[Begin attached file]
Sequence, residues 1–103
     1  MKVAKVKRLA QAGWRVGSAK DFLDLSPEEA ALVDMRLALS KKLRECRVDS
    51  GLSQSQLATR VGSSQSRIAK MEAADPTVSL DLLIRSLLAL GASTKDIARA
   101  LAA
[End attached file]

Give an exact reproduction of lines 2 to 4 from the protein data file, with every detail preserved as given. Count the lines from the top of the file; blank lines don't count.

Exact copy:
     1  MKVAKVKRLA QAGWRVGSAK DFLDLSPEEA ALVDMRLALS KKLRECRVDS
    51  GLSQSQLATR VGSSQSRIAK MEAADPTVSL DLLIRSLLAL GASTKDIARA
   101  LAA